John D Lee is a chef and restauranteur living and working in Chiang Mai, Thailand. He's always loved to cook.
Growing up, I always wondered why the vegetables served at good restaurants always tasted better than the ones I boiled or steamed at home—how they could boil vegetables so much better than I could?!
Well, eventually, I figured out that it wasn’t the way they prepared the vegetables that made the difference; it was the way they finished them off by adding a quick vegetable glaze—a glaze sauce that truly makes a world of difference, especially when used on root vegetables like carrots.
Glazed vegetables are lustrous and appetizing, and each cut piece of vegetable is perfectly seasoned with a flavorful half-absorbed buttery sauce—lovely stuff. Since it only takes about 1 minute to glaze up a batch of carrots or other root vegetables, there no reason why you shouldn’t glaze them every time.
How to Glaze Carrots
This process works equally well for other root vegetables.
- carrots, cut into pieces
- about 1 tablespoon butter
- salt to taste
- Boil your carrots (or other cut vegetables) in well-salted water until you have just barely reached the desired tenderness.
- Drain off all but 2 or 3 tablespoons of liquid from the pot.
- Add in 1 tablespoon or so of butter (more if you’re feeling decadent) and return the pot to the heat.
- Cook the vegetables, stirring, until the water and butter have combined to form a sauce. Continue cooking until that sauce is almost completely absorbed into the carrots.
- Salt, taste, and salt again.
It doesn’t sound like much, but taking the time to do this one extra step will transform an everyday side dish to something that will steal the limelight on any plate.
More Carrot Glaze Ideas
When you get used to making this very simple glaze, you can move on to more advanced combinations! A glaze is composed of a liquid and a fat that are simmered together to coat a vegetable. The simplest form of glaze is simply one like that described above, which uses butter and water, but you can bring more flavors to the party if desired.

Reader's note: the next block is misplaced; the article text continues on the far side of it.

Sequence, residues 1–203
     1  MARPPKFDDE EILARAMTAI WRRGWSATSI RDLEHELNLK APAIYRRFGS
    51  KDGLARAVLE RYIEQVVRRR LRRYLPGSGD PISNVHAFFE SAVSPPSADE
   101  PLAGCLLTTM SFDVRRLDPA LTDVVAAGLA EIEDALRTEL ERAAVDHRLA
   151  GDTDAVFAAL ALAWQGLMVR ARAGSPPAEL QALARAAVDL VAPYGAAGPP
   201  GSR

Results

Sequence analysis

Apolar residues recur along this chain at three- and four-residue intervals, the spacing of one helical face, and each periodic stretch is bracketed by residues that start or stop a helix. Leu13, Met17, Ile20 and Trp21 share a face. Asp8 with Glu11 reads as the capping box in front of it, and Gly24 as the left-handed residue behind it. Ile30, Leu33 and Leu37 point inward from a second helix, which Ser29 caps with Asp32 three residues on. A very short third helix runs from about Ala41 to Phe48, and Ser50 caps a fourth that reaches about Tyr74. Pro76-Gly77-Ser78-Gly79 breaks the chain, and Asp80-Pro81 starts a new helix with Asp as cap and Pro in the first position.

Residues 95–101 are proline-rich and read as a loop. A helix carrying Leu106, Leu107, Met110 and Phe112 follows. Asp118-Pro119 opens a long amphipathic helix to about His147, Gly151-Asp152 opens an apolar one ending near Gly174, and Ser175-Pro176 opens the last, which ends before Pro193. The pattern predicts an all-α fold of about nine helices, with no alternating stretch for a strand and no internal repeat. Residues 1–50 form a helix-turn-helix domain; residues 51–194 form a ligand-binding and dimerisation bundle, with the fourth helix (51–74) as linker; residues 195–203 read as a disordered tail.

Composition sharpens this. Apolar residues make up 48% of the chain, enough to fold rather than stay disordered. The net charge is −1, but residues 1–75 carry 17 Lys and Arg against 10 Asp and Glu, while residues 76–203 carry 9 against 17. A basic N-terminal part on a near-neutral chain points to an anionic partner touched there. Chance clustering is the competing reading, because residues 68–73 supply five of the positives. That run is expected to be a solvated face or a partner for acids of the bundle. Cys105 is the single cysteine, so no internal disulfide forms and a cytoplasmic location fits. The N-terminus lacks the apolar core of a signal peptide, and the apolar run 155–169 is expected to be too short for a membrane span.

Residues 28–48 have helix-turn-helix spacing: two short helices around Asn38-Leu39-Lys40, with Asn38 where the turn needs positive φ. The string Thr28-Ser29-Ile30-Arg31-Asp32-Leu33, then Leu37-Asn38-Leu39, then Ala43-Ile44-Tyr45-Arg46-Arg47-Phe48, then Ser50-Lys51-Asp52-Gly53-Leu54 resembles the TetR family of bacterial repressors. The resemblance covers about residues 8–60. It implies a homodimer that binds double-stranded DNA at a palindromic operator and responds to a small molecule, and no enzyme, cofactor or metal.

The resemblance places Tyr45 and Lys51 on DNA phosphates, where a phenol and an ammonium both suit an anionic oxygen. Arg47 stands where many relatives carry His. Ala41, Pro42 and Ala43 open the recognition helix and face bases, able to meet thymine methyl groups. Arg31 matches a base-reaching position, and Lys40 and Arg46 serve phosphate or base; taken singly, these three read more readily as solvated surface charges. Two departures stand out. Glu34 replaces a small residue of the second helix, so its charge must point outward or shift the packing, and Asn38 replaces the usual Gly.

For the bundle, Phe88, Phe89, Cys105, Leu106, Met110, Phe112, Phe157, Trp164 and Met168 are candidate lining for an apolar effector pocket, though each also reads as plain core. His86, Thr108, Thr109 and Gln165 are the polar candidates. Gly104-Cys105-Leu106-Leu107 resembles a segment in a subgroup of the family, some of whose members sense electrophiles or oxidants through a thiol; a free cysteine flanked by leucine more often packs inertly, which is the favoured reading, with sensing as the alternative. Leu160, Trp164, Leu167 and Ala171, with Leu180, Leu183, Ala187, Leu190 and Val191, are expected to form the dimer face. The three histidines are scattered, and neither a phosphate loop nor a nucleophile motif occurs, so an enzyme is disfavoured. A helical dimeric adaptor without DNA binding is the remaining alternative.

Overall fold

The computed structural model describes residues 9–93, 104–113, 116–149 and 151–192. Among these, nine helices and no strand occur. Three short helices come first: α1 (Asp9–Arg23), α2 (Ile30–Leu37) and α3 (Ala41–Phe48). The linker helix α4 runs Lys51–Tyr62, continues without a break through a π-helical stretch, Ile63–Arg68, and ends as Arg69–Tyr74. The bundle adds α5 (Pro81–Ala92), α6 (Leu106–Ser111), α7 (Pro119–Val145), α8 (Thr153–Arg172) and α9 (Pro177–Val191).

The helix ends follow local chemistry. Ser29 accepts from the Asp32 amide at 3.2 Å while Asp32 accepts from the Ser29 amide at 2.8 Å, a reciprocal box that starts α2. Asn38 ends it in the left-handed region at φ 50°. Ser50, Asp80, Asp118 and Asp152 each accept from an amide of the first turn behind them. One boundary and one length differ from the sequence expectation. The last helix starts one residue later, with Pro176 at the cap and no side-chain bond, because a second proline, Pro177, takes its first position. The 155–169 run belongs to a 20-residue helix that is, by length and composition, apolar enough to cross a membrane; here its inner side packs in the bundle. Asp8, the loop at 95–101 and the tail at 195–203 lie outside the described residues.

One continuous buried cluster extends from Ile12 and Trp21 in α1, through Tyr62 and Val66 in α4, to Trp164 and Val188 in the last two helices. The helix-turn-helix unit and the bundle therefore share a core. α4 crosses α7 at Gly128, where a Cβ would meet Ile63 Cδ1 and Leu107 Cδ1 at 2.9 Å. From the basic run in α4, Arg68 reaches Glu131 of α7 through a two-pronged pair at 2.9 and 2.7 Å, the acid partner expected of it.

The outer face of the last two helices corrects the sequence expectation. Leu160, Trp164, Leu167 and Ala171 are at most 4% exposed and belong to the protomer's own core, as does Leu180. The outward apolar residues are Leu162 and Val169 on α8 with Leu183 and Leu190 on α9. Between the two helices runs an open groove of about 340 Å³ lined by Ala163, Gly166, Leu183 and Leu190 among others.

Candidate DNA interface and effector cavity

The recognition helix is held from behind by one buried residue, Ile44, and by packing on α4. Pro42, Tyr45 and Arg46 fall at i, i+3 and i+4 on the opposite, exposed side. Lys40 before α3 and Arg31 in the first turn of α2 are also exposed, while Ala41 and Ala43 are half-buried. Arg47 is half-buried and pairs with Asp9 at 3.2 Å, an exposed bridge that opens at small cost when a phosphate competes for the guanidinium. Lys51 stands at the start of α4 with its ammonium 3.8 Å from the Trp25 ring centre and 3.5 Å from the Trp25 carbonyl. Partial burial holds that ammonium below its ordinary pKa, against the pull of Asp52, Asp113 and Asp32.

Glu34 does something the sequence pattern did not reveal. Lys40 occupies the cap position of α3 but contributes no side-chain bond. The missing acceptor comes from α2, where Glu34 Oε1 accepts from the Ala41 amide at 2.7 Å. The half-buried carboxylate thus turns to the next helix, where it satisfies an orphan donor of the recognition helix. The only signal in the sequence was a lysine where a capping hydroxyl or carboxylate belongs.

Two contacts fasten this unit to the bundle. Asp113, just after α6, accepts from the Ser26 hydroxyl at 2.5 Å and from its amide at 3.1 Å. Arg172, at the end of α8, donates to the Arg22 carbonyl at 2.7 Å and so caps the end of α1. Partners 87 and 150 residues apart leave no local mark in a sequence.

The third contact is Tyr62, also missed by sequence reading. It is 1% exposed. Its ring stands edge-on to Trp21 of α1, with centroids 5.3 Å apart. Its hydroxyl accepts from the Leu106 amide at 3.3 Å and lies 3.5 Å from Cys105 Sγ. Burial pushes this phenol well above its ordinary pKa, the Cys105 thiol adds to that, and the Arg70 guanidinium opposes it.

- For carrots, a little sweetness works magic, and so to the above recipe, try sprinkling in a little brown sugar, maple syrup or honey
- Instead of just water for the liquid, try combining other flavorful variations, like vegetable or chicken stock, rum or bourbon, white wine or any number of juices (mmm . . . apple-juice-glazed butter carrots).
- You can also add in flavorings through the addition of herbs and spices. Flavors that go well with carrots include garlic, cumin, ginger, mint, rosemary, tarragon, thyme, or most any of the ‘sweet’ spices, such as cinnamon, cloves, allspice, coriander seed, etc.
- Remember that you can always add in more spice, so take it easy when adding flavorings to a glaze—you just want an accent, not an overpowering flavor!
Once you get the hang of making a glaze, you can mix and match between different liquids, fats, sugars and flavorings to create an infinite number of dinnertime variations.
Boiled carrots will never be boring again!
aarush on November 21, 2011:
RussellLHuey on July 12, 2011:
I love it.
Beatrice Jordan from North Yorkshire, United Kingdom on March 08, 2011:
I will certainly try this at the weekend it sounds yummy. My mother always added a little sugar to the water with the salt. She said it improved the flavour and colour. For many years I have added a good dollop of thick cut marmalade to the water - this leaves lovely pieces of orange peel and a tangy flavour with the carrots when drained.
craftybegonia from Southwestern, United States on March 05, 2011:
Alan Murray from Ipswich, United Kingdom on December 24, 2010:
This is a brilliant article. Very useful. Thank you very much.
veggiehater on January 20, 2010:
Thanks for the idea! It's so simple but I never would have thought of adding fat to cooking water. I've just started a hub on my adventures trying to find ways of cooking veg for people who don't like veg (ie me) so I'll have to have a go playing around with this.
Peggy Woods from Houston, Texas on October 29, 2009:
Yum! I also like carmelizing some onions and cooking them with carrots. So many things one can do with this versatile vegetable.